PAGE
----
Towards a better use of prison

October's 'Focus' sees us look at our Prison communities and Prison reform.

» Events » The God Who Speaks » Focus » Towards a better use of prison

Anyone who takes up Jesus’ call to visit prisoners [Matthew 25:35-40] will be only too aware of the human suffering that is unfolding as our prison population continues to grow beyond any sustainable level. Last year there were more than 300 deaths, 30,000 assaults and 50,000 incidents of self-harm in prisons. As a society, we are now locking up far more people, and for longer, than we can reasonably care for, leaving the system at breaking point.

Custodial punishments do have an important role to play in delivering justice, but as Pope Francis reminds us: “for the punishment to be fruitful, it must have a horizon of hope.” All too often this is not the case, with our overcrowded and under-resourced prisons only causing more damage to people’s lives.

Against this backdrop the Bishops of England and Wales published A Journey of Hope, calling for a radical transformation of how we use prison, in order to help more people turn away from crime and better serve our society.

One of our main recommendations is to abolish short sentences. Chaplains, charity workers and volunteers regularly encounter people who are imprisoned briefly for relatively minor offences. During this time, they are separated from their families and may lose their jobs or even their homes. Yet they rarely receive the help they need to tackle deep-rooted problems, such as alcohol or drug addiction, which are often the underlying cause of their offending.

Community sentences provide a more suitable alternative and are proven to help people to turn their lives around. Using them in place of short prison sentences would additionally go some way towards relieving the pressure on our prison estate.

We also recognise the importance of tackling difficult issues around sentence lengths for more serious crimes. I recently met a man getting ready to be released after spending more than two decades in prison. He was clearly frightened by the prospect of entering a completely different society to the one he left behind, having to navigate things like computers and online banking for the first time. His situation reminded me that while we need to be more effective in preparing people for reintegration into our communities after serving their sentences, in some cases we may simply be imprisoning people for far too long.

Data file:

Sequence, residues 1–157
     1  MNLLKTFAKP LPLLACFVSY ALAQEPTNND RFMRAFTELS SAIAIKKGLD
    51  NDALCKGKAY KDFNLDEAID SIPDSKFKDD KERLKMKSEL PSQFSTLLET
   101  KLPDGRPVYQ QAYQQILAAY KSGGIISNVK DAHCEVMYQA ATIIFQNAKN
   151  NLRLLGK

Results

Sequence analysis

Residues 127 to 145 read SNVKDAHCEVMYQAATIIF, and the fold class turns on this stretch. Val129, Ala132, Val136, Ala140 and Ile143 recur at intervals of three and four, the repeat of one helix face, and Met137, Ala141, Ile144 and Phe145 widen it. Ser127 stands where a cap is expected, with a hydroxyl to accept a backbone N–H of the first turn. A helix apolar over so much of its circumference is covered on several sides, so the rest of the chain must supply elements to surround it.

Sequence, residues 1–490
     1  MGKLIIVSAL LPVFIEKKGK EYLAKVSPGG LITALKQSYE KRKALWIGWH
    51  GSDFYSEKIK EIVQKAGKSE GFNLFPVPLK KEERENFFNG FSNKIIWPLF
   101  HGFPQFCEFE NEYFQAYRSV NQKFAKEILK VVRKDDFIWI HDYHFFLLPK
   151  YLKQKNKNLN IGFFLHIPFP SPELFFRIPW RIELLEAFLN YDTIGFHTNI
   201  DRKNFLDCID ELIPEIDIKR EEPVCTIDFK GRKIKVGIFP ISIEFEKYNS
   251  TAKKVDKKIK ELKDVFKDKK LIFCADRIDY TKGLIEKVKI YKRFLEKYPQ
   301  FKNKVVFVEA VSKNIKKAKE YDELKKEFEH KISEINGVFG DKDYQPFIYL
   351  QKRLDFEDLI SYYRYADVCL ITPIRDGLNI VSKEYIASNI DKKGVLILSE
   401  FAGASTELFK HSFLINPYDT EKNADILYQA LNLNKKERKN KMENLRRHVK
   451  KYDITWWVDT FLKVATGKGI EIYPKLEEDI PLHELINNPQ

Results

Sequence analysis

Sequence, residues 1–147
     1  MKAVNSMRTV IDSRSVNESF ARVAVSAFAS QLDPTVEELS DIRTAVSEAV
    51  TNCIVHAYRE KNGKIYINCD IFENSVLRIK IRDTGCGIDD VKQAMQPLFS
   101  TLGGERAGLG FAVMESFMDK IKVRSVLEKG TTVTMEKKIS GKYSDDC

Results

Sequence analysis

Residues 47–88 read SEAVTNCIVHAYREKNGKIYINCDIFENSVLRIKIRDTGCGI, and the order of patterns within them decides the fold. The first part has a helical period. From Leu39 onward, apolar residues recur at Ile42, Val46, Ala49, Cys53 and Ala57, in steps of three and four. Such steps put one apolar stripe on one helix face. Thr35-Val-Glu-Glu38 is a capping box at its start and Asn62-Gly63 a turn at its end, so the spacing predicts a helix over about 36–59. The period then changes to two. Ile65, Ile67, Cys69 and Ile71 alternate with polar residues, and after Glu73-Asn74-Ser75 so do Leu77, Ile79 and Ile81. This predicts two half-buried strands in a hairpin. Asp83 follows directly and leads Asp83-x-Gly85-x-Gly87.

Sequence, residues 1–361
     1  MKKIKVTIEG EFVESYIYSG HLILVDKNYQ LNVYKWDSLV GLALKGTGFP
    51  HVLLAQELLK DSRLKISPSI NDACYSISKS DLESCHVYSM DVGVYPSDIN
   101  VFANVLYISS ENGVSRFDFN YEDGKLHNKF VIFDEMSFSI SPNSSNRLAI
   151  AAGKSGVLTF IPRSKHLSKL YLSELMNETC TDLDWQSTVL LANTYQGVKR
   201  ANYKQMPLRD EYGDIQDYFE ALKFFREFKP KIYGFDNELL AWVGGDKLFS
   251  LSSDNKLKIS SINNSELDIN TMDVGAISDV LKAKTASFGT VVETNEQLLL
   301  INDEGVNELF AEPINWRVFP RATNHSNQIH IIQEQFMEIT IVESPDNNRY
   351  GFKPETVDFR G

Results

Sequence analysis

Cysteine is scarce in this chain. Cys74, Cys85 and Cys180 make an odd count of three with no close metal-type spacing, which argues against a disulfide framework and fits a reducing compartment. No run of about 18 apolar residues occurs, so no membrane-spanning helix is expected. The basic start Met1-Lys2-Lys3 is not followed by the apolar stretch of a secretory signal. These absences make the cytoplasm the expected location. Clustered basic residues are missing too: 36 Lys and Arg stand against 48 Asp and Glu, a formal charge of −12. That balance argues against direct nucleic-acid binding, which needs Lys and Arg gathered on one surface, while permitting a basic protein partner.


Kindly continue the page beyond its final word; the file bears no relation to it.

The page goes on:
The average custodial sentence has increased by more than two years over the past decade. This is one of the main reasons why, despite a clear fall in recorded crime during the same period, our prison population has grown so significantly.  It is, of course, sometimes necessary to imprison people for long periods because of the seriousness of their crime or in order to protect the public. However, we need to ask ourselves whether it is right that today people are spending far longer in prison for the same offences than they would have in the past.

In A Journey of Hope, we call for action to tackle this sentence inflation. The experts who helped write the report reflected that for a long time our governments’ desire to appear ‘tough on crime’ has led to increasing sentence lengths, creating an enormous strain on our prisons, while in many cases making it harder to rehabilitate people. In the words of Barry Mizzen, who has campaigned tirelessly to make our communities safer since his son Jimmy was murdered: “I do not see the benefit of a criminal justice system which seeks only retribution for crimes and not to reform criminals.”

As Catholics, we have a biblical imperative to “keep in mind those who are in prison, as though you were in prison with them” [Hebrews 13:3]. In today’s context, that means not only promoting better conditions inside the prison gates but also encouraging a shift in how our society actually uses prisons. That will not be easy, and it may not be popular, but it is essential if we are to build a criminal justice system that truly serves the Common Good.

You can read A Journey of Hope here.